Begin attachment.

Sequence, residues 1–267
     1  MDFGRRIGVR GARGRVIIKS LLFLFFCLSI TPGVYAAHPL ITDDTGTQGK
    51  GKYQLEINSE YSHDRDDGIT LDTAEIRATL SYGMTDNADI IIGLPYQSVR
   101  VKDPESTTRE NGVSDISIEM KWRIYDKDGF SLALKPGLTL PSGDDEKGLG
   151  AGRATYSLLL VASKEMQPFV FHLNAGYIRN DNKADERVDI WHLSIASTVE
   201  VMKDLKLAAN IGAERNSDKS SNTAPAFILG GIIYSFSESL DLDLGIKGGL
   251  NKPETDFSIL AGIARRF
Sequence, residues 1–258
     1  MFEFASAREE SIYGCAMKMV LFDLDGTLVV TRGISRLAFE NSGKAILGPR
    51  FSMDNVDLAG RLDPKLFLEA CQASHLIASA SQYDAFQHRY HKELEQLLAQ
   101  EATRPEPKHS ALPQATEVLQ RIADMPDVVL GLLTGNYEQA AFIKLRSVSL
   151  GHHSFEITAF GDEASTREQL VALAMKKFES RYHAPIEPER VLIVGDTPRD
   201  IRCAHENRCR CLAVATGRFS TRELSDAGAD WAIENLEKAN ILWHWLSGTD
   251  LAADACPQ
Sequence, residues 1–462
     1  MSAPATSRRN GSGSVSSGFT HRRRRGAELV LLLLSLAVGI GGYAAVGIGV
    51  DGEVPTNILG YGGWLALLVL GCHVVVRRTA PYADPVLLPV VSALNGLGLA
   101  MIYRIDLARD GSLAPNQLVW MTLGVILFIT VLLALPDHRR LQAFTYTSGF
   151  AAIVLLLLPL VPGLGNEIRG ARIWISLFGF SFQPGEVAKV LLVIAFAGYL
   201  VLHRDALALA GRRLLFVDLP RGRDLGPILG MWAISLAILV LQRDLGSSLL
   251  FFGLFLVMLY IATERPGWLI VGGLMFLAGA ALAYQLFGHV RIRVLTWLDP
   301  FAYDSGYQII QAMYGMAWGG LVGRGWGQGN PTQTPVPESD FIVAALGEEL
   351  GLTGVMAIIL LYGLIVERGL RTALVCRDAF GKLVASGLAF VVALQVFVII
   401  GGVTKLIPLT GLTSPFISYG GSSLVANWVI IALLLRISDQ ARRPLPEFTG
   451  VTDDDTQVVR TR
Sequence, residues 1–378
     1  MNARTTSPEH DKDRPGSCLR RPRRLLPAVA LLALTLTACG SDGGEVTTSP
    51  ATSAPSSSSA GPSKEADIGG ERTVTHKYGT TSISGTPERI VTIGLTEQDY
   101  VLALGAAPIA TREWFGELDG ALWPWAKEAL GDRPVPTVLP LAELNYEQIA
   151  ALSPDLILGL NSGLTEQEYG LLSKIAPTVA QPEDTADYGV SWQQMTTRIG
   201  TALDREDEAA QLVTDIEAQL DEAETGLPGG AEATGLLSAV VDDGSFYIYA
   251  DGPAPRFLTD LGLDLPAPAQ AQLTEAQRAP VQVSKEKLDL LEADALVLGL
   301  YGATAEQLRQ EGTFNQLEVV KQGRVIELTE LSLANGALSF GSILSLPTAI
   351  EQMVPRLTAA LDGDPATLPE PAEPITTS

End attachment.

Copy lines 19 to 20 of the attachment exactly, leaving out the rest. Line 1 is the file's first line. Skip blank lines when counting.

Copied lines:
   151  AAIVLLLLPL VPGLGNEIRG ARIWISLFGF SFQPGEVAKV LLVIAFAGYL
   201  VLHRDALALA GRRLLFVDLP RGRDLGPILG MWAISLAILV LQRDLGSSLL